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[[Category:Zine]] [[Category:Distro]] [[Category:Queer]] [[Category:Rhode Island Zines]]
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[[Category:1990's publications]]
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[[Category:2000's publications]] [[Category:Active Distros]]
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[[category:Zines from the U.S.A.]]

Current revision

Fanorama (also known as Fanorama Society and Fanorama Cabal) is a Rhode Island-based zine and zine distro produced by journalist and activist REB (b. Richard E. Bump, May 25, 1956, Portland, ME, USA).

First published in 1992, Fanorama emerged as part of the queercore movement, largely inspired by the zine J.D.s (edited by G.B. Jones and Bruce LaBruce), and the Toronto scene from which J.D.s came. The first issue was co-edited with Stevec Bones. Initially a punk-edged collage of gay porn and commentary, REB soon added a strong, anti-assimilationist political voice to the mix, turning the zine into an artful version of the weekly "Queerbeat" column he contributed to Rhode Island's alternative arts rag, The NicePaper. The Fanorama tag line at the time became, "For those who want a little smut with their politics, or a little politics with their smut."

As REB's political leanings grew heated, Fanorama began to generate controversy, particularly as it addressed racism and sexism in the gay mainstream establishment; one detractor in the media called REB a "kiddie pornographer-turned-moral watchdog". During this period, REB was instrumental in leading protests against a local gay bar over a management-led racist incident - a battle which would take center stage in the gay politics of Rhode Island for the better part of a year. Despite what he began to call his "infamy," REB's popularity as a personality grew, and he was invited to emcee a mid-90'S Rhode Island Gay Pride celebration; though accepting the position, he would take its organizers to task in later years for the increasing commercialism of the event.

Over the course of its publication, Fanorama has run interviews and photo essays with such queer counter-culture heroes as comic book artist Robert Kirby, editor of the comic zine Boy Trouble; punk rockers Pansy Division; Scott Treleaven, editor of This Is The Salivation Army; Tommy Ace of the controversial AIDS humor zine, Diseased Pariah News; and Neil Edgar of Wiener Society. It has been dubbed "the Grandaddy of Queerzines" by Factsheet 5. After publishing an issue in which REB mourned his break-up with future Juha frontman Collin Clay, Fanorama took a turn towards pagan spirituality, influenced greatly by his work with the Radical Faeries.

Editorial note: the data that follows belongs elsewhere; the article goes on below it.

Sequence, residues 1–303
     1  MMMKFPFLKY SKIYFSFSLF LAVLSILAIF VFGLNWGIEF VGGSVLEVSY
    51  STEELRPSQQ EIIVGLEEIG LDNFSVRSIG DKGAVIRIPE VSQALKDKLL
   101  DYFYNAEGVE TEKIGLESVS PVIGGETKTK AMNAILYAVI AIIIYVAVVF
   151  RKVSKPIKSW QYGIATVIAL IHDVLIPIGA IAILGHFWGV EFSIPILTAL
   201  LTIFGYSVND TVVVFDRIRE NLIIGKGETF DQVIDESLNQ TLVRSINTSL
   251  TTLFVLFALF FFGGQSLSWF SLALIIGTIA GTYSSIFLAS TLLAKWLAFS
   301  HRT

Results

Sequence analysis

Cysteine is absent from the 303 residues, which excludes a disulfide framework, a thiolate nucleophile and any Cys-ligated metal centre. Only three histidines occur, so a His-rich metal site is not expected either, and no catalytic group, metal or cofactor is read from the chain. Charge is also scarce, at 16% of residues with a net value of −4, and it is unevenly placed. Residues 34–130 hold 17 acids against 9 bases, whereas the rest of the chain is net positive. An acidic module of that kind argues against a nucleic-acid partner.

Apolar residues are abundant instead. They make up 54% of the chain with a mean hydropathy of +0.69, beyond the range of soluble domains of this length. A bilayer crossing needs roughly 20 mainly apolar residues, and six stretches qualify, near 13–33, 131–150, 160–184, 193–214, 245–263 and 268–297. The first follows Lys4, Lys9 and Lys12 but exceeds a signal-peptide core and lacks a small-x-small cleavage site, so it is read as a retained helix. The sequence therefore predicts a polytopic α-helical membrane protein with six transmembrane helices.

The current incarnation of Fanorama is essentially a prisoners' rights magazine (though it retains the porn and spiritual angles), influenced initially by the stories prisoners sent to its "Letters" section. The relationships REB developed with prisoners over time, notably zine editor Neil Edgar who has contributed to every issue since 2001, were also the impetus for Fanorama to become a publisher of prisoner-authored works. Issue 24 was a split issue with prisoner-penned zine Left Back and imprisoned zine editors are frequently featured. This has led to its constituency expanding from its queer following to include an anarcho-punk/activist readership, particularly since having caught the attention of Maximum Rock 'N' Roll and Punk Planet, and more recently gaining the praises of headbanger favorite, Metal Maniac. REB told Punk Planet in 2005: "After doing my zine for over 12 years, after publishing and distributing countless inmate-produced publications, after corresponding with literally hundreds of prisoners, the only folks who ever made me feel 'unsafe' were folks in the free world."

The film division of Fanorama has included REB's documentary Queer Rage (chronicling events leading up to and coming out of a riot at the RI State House) and art films Nocturne In E Flat, Jerk Off, Waltz of the Flowers, and the upcoming 13 Boys. Shot mostly on Super-8 film or video, they have been played at queer indie film festivals across the United States. REB also facilitates workshops and is a speaker on the issues of zine making, queer rights, and prisoners' rights. Excerpts from Fanorama have been published in the gay-oriented encyclopedia Out In All Directions (Warner Books), That's Revolting: Queer Strategies For Resisting Assimilation (Soft Skull Press), and Afterwords: Real Sex From Gay Men's Diaries.

Zine'ography

Ambiguous Ambrosia by Paul Moore
Birdland by a Soledad State Prison collective
Chairman Of The Bored by a Folsom State Prison collective
Fanorama by REB
Flakes by Darren Hamby
Flowers From The Grave by Walter James
The Hated by William Wright
Left Back by Chadd Beverlin
One Woman's Story by Kebby Warner
Punk Pagan by Michael Killeen
Reflections by Frederick Fisher
Solitary Existence by Travis "SK8" Harramen
Thoughts Of My Liberation by Frederick Fisher
Unheard Silence by Devin Baker
Wiener Society by Neil Edgar
Obscene Emission by Neil Edgar

External link